Four young women were tragically killed in Rocky Mount, N.C. on Monday when the vehicle they were in crashed with a second vehicle. The accident occurred in front of the North Carolina Wesleyan College campus. All four of the victims were in their first year at the school.
The crash occurred at approximately 8:30 p.m. and is still under investigation by law enforcement. The driver of the second vehicle was taken to UNC Nash Hospital and was being treated for non-life threatening injuries. The school canceled classes the day after the accident, but has since reopened. College officials announced that grief counselors are available for both students and staff to help cope with the tragedy.
Although nothing can ever make up for the tragic death of a loved one, families of accident victims are able to file a wrongful death action against those responsible for the death, under North Carolina law.
Damages that can be recovered under the law include:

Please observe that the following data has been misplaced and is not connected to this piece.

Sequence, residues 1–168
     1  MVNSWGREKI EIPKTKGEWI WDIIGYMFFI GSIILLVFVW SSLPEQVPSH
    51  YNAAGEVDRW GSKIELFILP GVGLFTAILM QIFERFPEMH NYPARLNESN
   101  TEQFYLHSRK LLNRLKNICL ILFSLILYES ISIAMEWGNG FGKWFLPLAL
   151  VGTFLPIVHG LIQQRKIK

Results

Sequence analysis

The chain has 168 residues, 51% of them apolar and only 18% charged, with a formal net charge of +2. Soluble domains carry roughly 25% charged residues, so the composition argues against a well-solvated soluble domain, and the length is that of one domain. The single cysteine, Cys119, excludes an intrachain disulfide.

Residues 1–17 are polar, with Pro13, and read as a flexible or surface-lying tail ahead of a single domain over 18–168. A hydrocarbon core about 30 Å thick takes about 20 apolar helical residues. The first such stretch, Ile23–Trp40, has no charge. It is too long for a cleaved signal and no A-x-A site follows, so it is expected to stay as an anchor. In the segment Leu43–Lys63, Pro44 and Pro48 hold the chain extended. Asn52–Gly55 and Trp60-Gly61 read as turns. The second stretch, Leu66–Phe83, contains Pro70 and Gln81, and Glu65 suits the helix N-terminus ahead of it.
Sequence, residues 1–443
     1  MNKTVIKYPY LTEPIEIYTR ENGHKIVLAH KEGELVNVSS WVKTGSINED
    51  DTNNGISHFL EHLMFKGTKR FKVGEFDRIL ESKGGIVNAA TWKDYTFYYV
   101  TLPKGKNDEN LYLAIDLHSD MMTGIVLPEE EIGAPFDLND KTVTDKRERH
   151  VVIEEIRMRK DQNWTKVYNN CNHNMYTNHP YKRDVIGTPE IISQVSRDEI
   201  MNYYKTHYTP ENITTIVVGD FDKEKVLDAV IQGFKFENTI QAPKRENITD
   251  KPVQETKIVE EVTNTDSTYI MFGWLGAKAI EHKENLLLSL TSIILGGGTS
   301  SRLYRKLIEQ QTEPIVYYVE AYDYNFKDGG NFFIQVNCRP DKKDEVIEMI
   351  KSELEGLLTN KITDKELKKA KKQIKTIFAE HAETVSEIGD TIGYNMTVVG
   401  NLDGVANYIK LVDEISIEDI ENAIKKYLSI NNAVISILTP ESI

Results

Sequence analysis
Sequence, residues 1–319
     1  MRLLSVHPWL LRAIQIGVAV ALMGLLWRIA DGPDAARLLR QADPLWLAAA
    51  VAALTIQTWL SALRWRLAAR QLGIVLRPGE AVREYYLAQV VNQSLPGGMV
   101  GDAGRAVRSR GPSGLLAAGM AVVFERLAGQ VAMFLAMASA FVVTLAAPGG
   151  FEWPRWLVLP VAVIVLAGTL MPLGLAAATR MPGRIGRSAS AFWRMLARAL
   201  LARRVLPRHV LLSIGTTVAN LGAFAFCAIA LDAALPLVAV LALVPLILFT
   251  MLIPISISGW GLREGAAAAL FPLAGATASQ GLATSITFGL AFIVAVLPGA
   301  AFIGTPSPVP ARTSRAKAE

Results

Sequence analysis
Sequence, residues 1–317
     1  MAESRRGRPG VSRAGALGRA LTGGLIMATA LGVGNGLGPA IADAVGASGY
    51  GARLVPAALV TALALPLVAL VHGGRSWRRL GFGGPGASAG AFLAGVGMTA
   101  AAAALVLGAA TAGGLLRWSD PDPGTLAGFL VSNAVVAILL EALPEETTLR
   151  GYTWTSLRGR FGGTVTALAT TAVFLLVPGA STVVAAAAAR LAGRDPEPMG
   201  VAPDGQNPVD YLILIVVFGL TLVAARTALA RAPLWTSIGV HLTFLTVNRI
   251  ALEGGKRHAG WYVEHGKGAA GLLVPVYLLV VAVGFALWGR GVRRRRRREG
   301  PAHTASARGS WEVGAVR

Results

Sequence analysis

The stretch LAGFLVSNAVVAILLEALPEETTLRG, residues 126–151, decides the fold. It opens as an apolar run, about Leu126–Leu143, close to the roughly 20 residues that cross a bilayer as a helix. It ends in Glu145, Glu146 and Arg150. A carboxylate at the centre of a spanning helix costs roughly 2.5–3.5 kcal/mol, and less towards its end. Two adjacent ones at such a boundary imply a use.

- Any medical expenses related to treatment and/or hospitalization of the injury which caused the victim’s death. These expenses can include medications, rehabilitation, and hospice services;
- Compensation for the pain and suffering the loved one endured from the injury before they died;
- The cost of funeral expenses;
- The loss of the victim’s income for his or her family.
- The loss to the family of the victim’s assistance, care, protection, and services; and
- The loss to the family of the victim’s comfort, companionship, guidance, and society.
Under the law, it is also possible to sue for punitive damages in a wrongful death action. Punitive damages are based on what the victim could have recovered in a personal injury lawsuit had they survived. Loved ones can also be awarded punitive damages if the victim’s death was caused by malice, or by wanton or willful misconduct.
Even if the person responsible for your loved one’s death is facing criminal charges for their action, you may still be entitled to damages. Contact an experienced North Carolina wrongful death attorney to find out what civil recourse you may have.